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(T. F. “Storm” Walsh III)
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Good day everyone!
Upon analysis of the Global Models and NAM model, snow will continue over the New England area and NEUS. An area of low pressure is currently progged to develop east of the New Jersey coast by later this evening (00Z), and is forecast to briefly move ENE, before moving more toward the east early to late morning on Monday. As this system moves to just south of the Gulf of Maine, based on analysis of MLSP, rapidly falling pressures indicate a probability of explosive cyclogenesis, with pressures dropping from 993mb to 979mb in just 6 hours, and peaking to 963mb SE of Nova Scotia by 1:00 a.m. EST on Tues. morning.
Based on analysis of forecast surface winds over the water, sustained winds are forecast to reach 40-55 kts east of Cape Cod, and over a good portion of the Gulf of Maine, and winds 35 kts near the NJ coastal region, and to 40+ knots near 72.0W. Given the strength of the surface winds close to the coast, and ongoing snowfall, I cannot rule out blizzard conditions near and just inland of the coastal regions.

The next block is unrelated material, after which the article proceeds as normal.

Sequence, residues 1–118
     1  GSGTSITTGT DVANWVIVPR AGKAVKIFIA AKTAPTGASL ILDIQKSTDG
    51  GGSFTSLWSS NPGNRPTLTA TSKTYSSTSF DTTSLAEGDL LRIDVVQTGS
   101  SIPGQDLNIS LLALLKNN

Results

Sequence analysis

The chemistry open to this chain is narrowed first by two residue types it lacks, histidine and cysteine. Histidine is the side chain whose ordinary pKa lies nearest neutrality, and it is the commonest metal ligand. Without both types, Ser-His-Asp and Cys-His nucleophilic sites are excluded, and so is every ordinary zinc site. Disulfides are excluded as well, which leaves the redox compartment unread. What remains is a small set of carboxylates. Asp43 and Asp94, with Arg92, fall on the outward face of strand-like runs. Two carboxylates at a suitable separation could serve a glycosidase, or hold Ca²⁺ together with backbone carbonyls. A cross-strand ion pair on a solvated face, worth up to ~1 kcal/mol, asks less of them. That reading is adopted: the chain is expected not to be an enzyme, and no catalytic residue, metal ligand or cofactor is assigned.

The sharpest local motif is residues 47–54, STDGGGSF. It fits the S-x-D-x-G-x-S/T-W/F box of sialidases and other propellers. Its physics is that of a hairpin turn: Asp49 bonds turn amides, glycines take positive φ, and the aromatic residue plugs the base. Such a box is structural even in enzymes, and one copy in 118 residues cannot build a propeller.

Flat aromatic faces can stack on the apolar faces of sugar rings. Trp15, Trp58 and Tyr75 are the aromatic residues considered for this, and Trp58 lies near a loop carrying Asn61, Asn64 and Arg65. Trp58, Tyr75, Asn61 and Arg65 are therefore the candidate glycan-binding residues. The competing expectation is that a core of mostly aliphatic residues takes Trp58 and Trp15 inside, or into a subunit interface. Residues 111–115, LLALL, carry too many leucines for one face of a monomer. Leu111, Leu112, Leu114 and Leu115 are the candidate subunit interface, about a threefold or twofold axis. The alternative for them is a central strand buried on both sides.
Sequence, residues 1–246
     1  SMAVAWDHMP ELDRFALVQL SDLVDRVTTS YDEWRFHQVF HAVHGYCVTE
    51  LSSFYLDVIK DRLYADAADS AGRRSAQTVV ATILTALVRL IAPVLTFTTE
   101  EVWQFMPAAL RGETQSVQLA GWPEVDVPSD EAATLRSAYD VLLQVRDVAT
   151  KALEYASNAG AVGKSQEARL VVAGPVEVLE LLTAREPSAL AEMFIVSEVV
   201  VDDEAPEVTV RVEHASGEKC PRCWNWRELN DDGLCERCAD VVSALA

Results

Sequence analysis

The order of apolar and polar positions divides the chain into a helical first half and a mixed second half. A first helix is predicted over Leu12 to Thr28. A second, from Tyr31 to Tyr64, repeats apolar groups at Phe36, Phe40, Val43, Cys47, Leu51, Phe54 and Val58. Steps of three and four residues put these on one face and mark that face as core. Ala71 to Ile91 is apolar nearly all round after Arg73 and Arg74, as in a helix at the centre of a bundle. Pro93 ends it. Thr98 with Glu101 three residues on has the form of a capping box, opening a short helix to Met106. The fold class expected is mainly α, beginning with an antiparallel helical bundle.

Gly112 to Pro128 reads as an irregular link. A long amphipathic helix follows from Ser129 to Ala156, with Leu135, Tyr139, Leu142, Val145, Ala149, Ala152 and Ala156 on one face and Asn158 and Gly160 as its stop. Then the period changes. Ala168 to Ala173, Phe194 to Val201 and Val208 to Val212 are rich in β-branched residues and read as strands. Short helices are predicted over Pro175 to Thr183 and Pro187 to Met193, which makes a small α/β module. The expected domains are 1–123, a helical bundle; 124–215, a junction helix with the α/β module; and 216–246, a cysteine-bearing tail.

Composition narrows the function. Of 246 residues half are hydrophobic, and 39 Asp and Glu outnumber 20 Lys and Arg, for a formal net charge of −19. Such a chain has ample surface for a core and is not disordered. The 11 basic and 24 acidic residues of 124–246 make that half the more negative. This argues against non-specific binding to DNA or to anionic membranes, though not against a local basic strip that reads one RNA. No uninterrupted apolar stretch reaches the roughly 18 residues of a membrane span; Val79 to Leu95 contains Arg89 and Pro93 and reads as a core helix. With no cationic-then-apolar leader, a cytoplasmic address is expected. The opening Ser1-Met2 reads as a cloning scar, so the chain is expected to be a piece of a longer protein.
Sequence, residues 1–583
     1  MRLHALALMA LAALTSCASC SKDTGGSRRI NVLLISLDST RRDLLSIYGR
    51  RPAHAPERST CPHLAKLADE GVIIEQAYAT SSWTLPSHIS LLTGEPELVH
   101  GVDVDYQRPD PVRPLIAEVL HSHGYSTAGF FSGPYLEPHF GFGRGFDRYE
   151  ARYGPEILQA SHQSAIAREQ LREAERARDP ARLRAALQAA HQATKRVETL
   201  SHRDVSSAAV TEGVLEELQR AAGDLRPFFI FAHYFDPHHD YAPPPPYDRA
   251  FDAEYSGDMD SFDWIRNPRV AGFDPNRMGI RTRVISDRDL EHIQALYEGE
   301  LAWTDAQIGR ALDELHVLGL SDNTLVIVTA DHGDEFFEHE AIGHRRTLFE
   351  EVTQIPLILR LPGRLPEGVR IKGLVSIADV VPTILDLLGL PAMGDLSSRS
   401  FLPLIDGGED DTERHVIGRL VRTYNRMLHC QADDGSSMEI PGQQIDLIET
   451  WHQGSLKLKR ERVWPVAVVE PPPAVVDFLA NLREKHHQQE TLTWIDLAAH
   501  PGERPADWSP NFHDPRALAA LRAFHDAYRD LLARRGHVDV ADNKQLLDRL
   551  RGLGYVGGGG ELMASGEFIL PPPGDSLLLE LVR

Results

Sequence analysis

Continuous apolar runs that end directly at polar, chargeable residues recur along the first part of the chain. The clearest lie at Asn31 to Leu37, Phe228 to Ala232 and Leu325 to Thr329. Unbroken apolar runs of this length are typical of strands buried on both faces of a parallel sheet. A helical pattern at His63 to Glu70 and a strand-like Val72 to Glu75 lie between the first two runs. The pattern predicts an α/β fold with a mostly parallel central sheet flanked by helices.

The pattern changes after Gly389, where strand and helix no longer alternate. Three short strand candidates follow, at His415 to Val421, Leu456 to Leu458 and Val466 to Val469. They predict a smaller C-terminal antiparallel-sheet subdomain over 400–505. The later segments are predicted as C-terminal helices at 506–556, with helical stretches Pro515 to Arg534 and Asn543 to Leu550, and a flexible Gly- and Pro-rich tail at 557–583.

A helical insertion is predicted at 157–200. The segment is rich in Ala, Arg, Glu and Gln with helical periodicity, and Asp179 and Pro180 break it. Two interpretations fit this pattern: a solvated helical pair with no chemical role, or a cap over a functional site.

Significant sea heights over the Gulf of Maine and Cape Cod area may range from 9-10 ft along the coast, and 19-24 ft mainly over the extreme southern portion of the Gulf of Maine, and east of Cape Cod approximately 100-130 from the coast. Given that the winds will be out of the NW over the Gulf of Maine region, I am calling for coastal flooding and beach erosion of northward facing beaches along the coast of Maine, and especially for the Cape Cod Bay coastal areas. South of Cape Cod, winds should remain offshore. Boaters should remain in-port, and commercial Mariners should take necessary actions to avoid this area if possible, and monitor NOAA Offshore Forecasts over the nest 48-72 hours.
The following are maps from the GFS and NAM regarding MSLP, wind speed, precipitation type, and accumulated snowfall amounts.
GFS MLSP/PRECIPITATION TYPE
GFS 48 HOUR TOTAL SNOWFALL ACCUMULATION
NAM MSLP/PRECIPITATION TYPE
NAM 48 HOUR TOTAL SNOWFALL ACCUMULATION
The following are significant wave height maps from “STORMSURF” Wave Watch:
The following graphics are linked to their perspective sites. For up to date/real time information, please mouse over the graphics and “click” on them. You can retrieve NWS statements, advisories and warning by clicking on the NWS Hazards and Warning map by clicking on your area of interest.
Have a blessed day!
T. F. “STORM” WALSH III
GMCS, USCG (ret)
METEOROLOGIST / HURRICANE SPECIALIST /SEVERE WEATHER SPECIALIST
MEMBER WEST CENTRAL FLORIDA AMS